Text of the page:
Suddenly, they had no choice but to flee. They got in the car and drove as fast as they could towards the Peak-to-Peak Highway.

“We couldn’t see anything,” Fisher says. “We were just running for our lives. Black smoke just came in. It wasn’t the white smoke that you see from the trees; this was black smoke you see from the buildings.”

As of now, Fisher thinks his house has not burned. Kate Walker’s family has owned and operated Colorado Mountain Ranch, on 10063 Gold Hill Rd., since her grandparents started it in 1947. The flames are licking the edges of the property, and her father, Mike Walker, is still up at the ranch fighting the flames with a backhoe.

“We were able to save 75 percent of the ranch, but the barn where we had the horses is gone; my parents’ house is gone,” Kate Walker says. “We were able to get all the horses into Longmont [at the Boulder County Fairgrounds]. …They were able to save the structures — the cabin, and the lodge. … We will be able to house and feed people when the rebuilding begins.”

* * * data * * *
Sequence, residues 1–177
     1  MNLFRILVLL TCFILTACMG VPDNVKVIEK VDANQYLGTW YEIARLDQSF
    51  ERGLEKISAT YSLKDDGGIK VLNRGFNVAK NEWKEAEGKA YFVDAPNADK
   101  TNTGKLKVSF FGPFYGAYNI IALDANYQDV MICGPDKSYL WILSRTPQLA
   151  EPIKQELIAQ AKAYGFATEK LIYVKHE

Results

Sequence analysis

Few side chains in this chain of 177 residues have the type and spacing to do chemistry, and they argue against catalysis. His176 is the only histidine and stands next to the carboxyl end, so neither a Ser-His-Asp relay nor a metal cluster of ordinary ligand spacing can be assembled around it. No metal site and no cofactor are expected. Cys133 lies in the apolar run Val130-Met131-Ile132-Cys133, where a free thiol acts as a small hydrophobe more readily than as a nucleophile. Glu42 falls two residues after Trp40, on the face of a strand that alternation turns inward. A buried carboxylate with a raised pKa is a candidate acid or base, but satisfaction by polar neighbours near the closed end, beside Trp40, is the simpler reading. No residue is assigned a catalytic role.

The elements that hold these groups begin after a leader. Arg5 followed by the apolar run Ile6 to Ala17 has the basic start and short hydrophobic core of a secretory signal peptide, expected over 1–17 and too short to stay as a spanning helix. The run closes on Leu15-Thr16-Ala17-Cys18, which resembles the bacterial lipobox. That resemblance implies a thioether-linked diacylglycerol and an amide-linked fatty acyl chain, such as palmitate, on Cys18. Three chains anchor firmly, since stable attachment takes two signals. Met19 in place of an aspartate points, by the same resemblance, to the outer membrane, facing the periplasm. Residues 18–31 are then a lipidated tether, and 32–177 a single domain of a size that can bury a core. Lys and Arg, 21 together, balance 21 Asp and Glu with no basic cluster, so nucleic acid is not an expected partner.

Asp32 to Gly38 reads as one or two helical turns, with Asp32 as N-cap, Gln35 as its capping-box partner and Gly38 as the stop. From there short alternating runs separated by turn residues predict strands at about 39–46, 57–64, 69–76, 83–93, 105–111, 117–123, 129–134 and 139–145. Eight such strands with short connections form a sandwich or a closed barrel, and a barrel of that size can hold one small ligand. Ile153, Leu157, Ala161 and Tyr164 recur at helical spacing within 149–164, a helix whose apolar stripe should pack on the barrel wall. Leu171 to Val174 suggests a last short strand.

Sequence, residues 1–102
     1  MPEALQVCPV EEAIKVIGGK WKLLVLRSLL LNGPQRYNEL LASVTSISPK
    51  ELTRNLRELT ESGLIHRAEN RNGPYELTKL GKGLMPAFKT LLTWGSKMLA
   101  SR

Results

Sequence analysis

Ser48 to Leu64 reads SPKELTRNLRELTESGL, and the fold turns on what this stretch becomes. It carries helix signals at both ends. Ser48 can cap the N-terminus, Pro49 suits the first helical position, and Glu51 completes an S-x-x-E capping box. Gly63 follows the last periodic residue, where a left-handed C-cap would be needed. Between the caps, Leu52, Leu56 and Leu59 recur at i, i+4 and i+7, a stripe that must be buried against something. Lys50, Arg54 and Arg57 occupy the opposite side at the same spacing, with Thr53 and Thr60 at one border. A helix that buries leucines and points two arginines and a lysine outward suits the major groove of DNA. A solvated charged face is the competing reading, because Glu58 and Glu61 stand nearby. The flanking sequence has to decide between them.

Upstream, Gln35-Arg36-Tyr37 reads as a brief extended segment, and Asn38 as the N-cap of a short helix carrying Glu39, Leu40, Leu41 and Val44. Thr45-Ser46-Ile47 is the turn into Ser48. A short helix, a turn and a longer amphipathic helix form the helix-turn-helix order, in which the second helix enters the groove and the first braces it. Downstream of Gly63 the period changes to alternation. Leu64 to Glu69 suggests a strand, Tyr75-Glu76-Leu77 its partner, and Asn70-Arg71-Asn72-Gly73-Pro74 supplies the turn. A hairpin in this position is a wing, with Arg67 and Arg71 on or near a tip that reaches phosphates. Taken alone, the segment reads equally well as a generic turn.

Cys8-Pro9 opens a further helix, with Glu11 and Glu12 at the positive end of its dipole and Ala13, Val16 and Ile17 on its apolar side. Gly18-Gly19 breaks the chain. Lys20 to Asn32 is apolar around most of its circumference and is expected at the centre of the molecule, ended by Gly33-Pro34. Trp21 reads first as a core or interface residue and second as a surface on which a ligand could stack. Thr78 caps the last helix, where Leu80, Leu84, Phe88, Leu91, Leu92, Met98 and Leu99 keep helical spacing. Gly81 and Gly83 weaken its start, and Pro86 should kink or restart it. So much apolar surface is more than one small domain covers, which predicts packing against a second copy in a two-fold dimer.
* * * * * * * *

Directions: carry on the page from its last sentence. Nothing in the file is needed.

The animals are safely housed at the Boulder County Fairgrounds, but Walker says they and other horse owners could always take hay donations.

At a Sept. 8 press conference, evacuated residents expressed their frustration with the slow flow of information from the sheriff ’s office and fire department.

“Why aren’t we getting information on residences that have burned?” asked Bob Hodgetts.

“If I knew my house had burned, that’d be fine,” he said, explaining that then he could at least start making plans. “And if I knew it hadn’t, that’d be even better.”